From Charles Pinckney
December 12: 1803: Madrid
My last of the 18 November & 30th:1 will have inclosed to you the letter from M Cevallos informing me of the representation M Yrujo was directed to make in consequence of the cession of Louisiana. I have this moment received Your favour of the 22 October2 & have officially announced the ratification of the treaty to which as yet I could not recieve a reply there not yet being time & the Court being on a Journey to Arenas & Talavera for the holidays & New Year. By your instructions of the 29 July3 I considered myself as not authori[z]ed to make any new proposition to this Government on the subject of Florida until I could hear from Mr Monroe, & from whom I have not heard one Word since August last. I have however done every thing I could to pave the way to the negotiation when M Monroe comes or writes me he cannot come & that I am to proceed alone. To effect this I have had & continue to have frequent private conversations with the French Ambassadour & English Minister who both seem extremely well founded in their Opinions on the subject & well disposed to assist me. I have also had frequently private conferences with others & have lately left some opinions in writing with the Prince of Peace which I am hopeful will have a good effect. I have had the Presidents Speech translated into Spanish & put it into his hands & also Lord Hawkesburys letter to M King stating his Britannic Majestys approbation of the cession & the pleasure he felt at that Country coming into our hands.4 I have done the same with Mr Cevallos & have taken every mode in my power to convince this Government of the Justice & moderation of our own & of the importance it is to Spain to be on the most cordial & intimate terms with us. She is at present not pleased with the cession of Louisiana as you well know but as she must soon take a part in the War I have prepared everything for our negotiation so as to be able to offer & press, when the Crisis warrants in the manner that may appear best calculated to promise success & standing as I think we do extremely well with the Prince of Peace, I trust we shall at last succeed. I wish however you would enable us to go further. The sum you limit I fear will be considered too small & considering the advantages such a Boundary & posession will give us & how far it will secure the friendship & good neighborhood of the Spaniards, a thing we so much desire with all our neighbours, a small sum more cannot be very important.5 I have just seen the copy of a letter from Paris which makes me suppose England is at present discontented with Spain. A War between them appears inevitable in a short time nor shall I be surprised if Austria & Russia be come parties by the Spring. In the midst of all this how happy shall we be to be neutral & how much honour has the Presidents Speech done him on that subject in Europe. I wrote you from Aranjuez how far I was determined to observe a deportment of the strictest impartiality & of the caution & moderation suited to our neutral situation, nor shall I depart from it but by your positive instructions. Present me always affectionately to the President & believe me with regard & Esteem dear Sir Yours Truly,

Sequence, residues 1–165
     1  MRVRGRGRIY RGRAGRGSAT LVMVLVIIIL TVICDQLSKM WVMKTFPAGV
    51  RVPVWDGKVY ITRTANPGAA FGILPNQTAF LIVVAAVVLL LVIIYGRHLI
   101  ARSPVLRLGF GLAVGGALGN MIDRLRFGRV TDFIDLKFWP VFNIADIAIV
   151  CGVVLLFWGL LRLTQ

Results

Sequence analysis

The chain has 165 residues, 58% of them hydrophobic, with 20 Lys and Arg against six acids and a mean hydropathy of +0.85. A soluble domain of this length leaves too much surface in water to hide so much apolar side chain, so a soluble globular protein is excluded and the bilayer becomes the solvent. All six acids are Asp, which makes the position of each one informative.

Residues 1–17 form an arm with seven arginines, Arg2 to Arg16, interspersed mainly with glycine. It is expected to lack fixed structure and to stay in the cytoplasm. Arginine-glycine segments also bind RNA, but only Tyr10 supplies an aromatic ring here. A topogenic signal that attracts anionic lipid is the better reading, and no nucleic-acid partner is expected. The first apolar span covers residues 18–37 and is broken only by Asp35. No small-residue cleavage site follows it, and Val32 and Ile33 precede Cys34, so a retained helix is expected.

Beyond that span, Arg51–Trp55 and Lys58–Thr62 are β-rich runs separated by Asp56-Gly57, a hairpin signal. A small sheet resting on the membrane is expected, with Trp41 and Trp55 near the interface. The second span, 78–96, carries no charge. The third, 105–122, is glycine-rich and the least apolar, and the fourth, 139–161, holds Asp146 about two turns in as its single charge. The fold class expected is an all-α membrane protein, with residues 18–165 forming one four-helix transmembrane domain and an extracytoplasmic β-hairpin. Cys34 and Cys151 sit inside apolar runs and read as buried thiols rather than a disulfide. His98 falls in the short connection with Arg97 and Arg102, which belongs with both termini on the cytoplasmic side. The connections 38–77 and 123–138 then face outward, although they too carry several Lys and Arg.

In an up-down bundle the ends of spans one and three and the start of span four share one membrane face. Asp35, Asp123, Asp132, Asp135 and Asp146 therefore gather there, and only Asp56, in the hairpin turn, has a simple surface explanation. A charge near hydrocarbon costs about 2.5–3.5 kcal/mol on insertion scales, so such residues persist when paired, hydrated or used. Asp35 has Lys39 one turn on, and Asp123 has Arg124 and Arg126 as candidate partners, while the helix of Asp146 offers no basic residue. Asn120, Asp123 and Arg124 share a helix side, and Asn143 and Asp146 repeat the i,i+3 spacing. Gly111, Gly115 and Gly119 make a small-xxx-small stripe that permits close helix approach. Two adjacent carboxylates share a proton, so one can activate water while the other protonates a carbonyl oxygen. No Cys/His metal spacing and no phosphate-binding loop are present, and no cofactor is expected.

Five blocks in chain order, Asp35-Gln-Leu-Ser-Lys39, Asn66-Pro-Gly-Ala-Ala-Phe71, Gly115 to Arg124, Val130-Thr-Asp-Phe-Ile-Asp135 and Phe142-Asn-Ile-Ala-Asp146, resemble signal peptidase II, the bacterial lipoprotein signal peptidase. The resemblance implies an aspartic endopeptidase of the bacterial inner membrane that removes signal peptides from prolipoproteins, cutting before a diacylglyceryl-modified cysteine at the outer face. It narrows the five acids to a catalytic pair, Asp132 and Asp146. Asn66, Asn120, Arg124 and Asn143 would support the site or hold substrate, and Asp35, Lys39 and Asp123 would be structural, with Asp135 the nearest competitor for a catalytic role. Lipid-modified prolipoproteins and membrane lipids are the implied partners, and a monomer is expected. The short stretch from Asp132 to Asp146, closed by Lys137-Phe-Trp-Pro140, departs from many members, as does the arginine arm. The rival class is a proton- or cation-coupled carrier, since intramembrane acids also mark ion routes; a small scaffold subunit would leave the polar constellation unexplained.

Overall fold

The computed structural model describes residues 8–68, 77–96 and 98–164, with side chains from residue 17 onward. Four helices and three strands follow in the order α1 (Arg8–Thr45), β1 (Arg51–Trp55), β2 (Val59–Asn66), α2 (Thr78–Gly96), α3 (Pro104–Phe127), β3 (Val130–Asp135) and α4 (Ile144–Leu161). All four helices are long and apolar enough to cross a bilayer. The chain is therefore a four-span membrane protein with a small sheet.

PS: I inclose you a letter for M Laussat the Minister of France which please keep or forward as it may or may not be probable he will be at Washington. I am this moment shewn a copy of a notification from the Secretary of the British Minister here to the British Consuls in the Spanish Ports, directing them to inform the English in their several Districts that it will be prudent for them to have their affairs so arranged as to be able to move off in the quickest manner in case of a rupture between England & Spain. This you will at once say looks like War & strengthens my former opinions on that subject.
I send this by a private hand & therefore have not written in cypher.
M Cevallos & the Prince of Peace have always been informed that whenever his Majesty or his Ministers wished to come forward with any propositions on the subject of the Cession that I was authorised to recieve & if conformable to my instructions to accept them & this is all I thought myself authorised to say until I could see or hear definitively from M. Monroe.